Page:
A seminar entitled “Enriching the Universality of Human Rights: Islamic Perspectives on the Universal Declaration of Human Rights,” organized by the High Commissioner for Human Rights in cooperation with the Organization of the Islamic Conference (OIC), took place on November 9-10 in Geneva. Twenty Islamic scholars presented papers on perspectives of Islamic law and human rights.
Analysis: The aim of the conference, according to the Office of the High Commissioner for Human Rights, was to “provide a framework for a better understanding of the significance of cultural and religious backgrounds to the Universal Declaration.”
During the seminar, Member States, non-governmental organizations, and interested observers were not allowed to speak or to contribute in any way. The experts alone delivered papers on Islamic law reflecting three general themes, set against the backdrop of the Universal Declaration of Human Rights: non discrimination; civil and political rights; and economic, social and cultural rights.
By the benchmark of its stated intentions, the seminar was a successful scholarly meeting. But while experts were told explicitly to avoid examination of individual State practices, in reality, human rights are observed or violated in practice. Therefore, a need still exists for follow-up action.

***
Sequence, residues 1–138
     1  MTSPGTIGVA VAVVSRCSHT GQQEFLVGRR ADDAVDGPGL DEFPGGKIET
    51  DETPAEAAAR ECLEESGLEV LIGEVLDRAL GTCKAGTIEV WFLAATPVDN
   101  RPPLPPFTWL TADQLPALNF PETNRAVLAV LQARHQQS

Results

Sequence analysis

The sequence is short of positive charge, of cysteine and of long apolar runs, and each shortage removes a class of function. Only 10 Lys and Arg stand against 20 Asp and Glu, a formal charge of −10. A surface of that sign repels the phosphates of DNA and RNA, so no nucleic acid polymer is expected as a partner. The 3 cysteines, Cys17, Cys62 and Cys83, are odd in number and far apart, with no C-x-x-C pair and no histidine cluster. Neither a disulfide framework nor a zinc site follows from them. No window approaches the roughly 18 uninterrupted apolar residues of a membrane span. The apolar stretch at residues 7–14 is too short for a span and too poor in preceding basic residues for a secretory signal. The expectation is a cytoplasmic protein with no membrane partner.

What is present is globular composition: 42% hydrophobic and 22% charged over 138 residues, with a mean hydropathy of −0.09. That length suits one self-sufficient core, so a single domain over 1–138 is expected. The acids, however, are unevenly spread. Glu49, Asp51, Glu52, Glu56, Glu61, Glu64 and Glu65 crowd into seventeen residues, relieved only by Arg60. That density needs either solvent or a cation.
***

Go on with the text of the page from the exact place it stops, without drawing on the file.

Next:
Following are two possible practical steps that could accelerate the reconciliation of universal human rights and cultural diversity.
Firstly, a future seminar could pose specific practical questions on individual articles of the Universal Declaration. For example, what should be done if article 19 of the Declaration, concerning the right to freedom of opinion and expression, is at odds with an Islamic State’s laws? Is article 26, ensuring parents’ right to educate their children according to their will, reconcilable with existing laws in Islamic States? Examining such practical questions can serve to widen the protection of, and respect for, universal human rights.
Secondly, perhaps a future meeting could address ratification of specific human rights treaties. When opening the seminar, the High Commissioner expressed pleasure that 53 of 55 Member States of the OIC had ratified the UN Convention on the Rights of the Child. Perhaps it would be instructive to discuss the obstacles currently preventing 26 of the 55 Members of the OIC from ratifying the Convention Against Torture, and one third from ratifying the International Covenant on Civil and Political Rights and the International Covenant on Economic, Social and Cultural Rights.
The recent seminar should herald the beginning of concrete steps to ensure human rights for all.